Signs You Need to Check VBUS for the Root of Your USB Problem

When your USB system isn’t working as expected and you’re experiencing system failure or other unexplainable issues, it can be tough to pinpoint the root cause of the bug. While there are many possible reasons for abnormal behavior, one issue in particular may be overlooked, and that is having a bug on the USB VBUS. Before diving into different signs that can be a result of VBUS issues, we’ll provide a brief explanation of VBUS itself and its role in USB.

Understanding VBUS

USB devices are connected by a cable connection. This cable includes multiple different wires that are used to transmit data and power between devices. The VBUS wire is used to implement the electrical component within a USB device, and it carries a nominal 5V supply. Having a stable VBUS connection is very important to the operation of the USB devices. Without it, abnormal device behavior can occur.

Signs to Look For with VBUS Connection Issues

What are the signs that you need to check the USB VBUS for the root cause of your USB bug?

1. Your entire USB system shuts off during operation or testing:

It is possible that the USB system is shutting down during your operation or testing because there is an overdraw of current from the device. The USB specification mentions that if a device draws too much current, it is required to shut down.

The USB 2.0 specification has specific upper limits on current consumption:

  • No more than one-unit load, which is 100 mA, after connect and before enumeration
  • No more than five-unit loads, which is 500 mA, after enumeration

USB 3.0 devices and 3.0 capable ports on hosts offer higher current budgets:

  • No more than one-unit load, which is 150 mA, after connect and before enumeration
  • No more than six-unit loads, which is 900 mA, after enumeration

The Beagle USB 480 Power Protocol Analyzer will be able to detect these spikes in current and provide a visual representation of this event that is directly correlated to the data trace capture. This will allow users to pinpoint when and where the high current spike took place for easier debugging.

2. Your device is not detected or enumerated by the Operating System on the host (device perspective):

This could be caused if the connected device exceeds the maximum amount of current on connect or after the enumeration process on VBUS. This could end up triggering the 'over-current' protection circuit on the host and cause the device to be electrically disconnected, and it can become an endless loop where enumeration never happens or completes.

The device in this case could be violating the upper limit current consumption; using a Beagle USB 480 Power Protocol Analyzer will be very helpful in monitoring the current from when the device is connected through and after enumeration.

3. Your device is not detected or enumerated by the Operating System on the host (host perspective):

Another possible scenario is a misbehaving USB port on a host. It is possible that the device could be functioning as normal, but the host port is malfunctioning. It might not be supplying the right voltage levels on the VBUS because of damaged circuitry internally. This issue can also be detected by monitoring voltage on VBUS using the Beagle USB 480 Power Protocol Analyzer.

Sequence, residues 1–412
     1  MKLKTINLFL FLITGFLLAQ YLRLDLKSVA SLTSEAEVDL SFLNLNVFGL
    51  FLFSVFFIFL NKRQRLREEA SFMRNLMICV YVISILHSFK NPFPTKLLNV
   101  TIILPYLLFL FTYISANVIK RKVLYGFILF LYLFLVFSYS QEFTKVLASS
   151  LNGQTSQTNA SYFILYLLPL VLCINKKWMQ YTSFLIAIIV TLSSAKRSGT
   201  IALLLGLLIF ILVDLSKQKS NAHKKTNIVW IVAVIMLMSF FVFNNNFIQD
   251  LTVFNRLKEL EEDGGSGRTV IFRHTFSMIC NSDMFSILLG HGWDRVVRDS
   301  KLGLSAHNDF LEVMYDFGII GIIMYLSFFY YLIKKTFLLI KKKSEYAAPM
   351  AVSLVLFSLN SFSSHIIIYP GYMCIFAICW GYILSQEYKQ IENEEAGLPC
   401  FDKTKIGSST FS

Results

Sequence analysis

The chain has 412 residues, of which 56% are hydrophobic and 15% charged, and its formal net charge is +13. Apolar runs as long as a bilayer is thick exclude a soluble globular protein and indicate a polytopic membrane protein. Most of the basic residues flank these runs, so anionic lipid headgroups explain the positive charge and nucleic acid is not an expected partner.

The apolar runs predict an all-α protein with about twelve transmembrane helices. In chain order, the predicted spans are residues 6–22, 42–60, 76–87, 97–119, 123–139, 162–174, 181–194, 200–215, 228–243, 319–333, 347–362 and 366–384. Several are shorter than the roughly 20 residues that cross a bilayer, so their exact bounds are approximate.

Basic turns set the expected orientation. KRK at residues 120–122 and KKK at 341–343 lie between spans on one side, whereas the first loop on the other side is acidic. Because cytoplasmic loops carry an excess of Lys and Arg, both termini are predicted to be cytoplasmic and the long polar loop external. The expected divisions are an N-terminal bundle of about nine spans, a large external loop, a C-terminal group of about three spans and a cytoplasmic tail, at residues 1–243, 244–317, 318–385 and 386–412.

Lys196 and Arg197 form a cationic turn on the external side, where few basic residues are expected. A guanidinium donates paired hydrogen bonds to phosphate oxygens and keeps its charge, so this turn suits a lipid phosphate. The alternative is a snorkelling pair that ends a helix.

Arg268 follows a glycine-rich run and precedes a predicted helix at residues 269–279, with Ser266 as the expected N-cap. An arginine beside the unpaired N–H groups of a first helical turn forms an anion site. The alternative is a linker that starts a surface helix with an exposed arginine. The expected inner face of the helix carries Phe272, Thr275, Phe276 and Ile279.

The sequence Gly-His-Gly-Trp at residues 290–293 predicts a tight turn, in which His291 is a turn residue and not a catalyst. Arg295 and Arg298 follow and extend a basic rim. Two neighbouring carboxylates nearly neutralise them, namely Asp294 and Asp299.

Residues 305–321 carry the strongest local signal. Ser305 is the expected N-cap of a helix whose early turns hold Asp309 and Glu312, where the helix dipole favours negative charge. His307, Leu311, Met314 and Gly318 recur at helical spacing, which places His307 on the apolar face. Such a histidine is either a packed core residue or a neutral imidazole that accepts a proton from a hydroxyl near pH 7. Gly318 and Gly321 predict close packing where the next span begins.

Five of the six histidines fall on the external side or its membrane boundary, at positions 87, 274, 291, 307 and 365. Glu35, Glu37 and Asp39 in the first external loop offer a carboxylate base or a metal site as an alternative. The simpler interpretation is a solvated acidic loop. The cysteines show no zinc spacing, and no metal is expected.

4. Your device works as expected on a laptop computer as long as the computer is plugged in to an AC power source. The same device does not work with the same laptop computer when it is operating on a battery charge:

Sometimes, when laptop computers are connected to an AC power source, the current levels on a USB port can be higher than normal. If there is a non-compliant device plugged in that violates the maximum draw of current defined in the specification, the host can end up supplying higher power levels and the system will function routinely. However, when the laptop is solely running on battery, power becomes critical, and in this case, the host will detect the overdraw in current and electrically disconnect the device.

5. A device works as expected with a laptop computer as long as it is connected through a self-powered hub. The same device does not work when it is connected directly to the same laptop computer:

This is similar to the above condition, except in this case, the self-powered hub is providing higher power levels and is tolerating the misbehaving device, whereas the computer does not.

Troubleshooting VBUS with the Beagle USB 480 Power Protocol Analyzer

All of these VBUS issues can be detected with the Beagle USB 480 Power Protocol Analyzer. This tool makes it easy to measure current and voltage from USB connections by providing a real-time graph of VBUS current and voltage values that is also a bi-directional correlation of the USB data. By selecting either a specific USB transaction in the data capture or a point on the Current/Voltage Monitor graph, users can easily diagnose the cause of VBUS bugs by allowing them to pinpoint the exact moment the bug took place.

 Monitoring VBUS current and voltiage

There are two editions of the Beagle USB 480 Power Protocol Analyzer. Both editions enable VBUS current and voltage measurement within our industry-leading Data Center Software. They both provide an extra-large hardware buffer and one-click correlation of voltage and current measurement to protocol-level activity. The Ultimate edition provides enhanced USB 2.0 advanced triggering, which allows users to create complex, multi-state matches for USB 2.0. This is an optional upgrade for the Standard edition.

Advanced Trigger set up with Data Control Center Software

For more information about the Beagle USB 480 Power Protocol Analyzer, please see the following

If you have questions, please contact sales@totalphase.com. You can also request a demo for your specific application.

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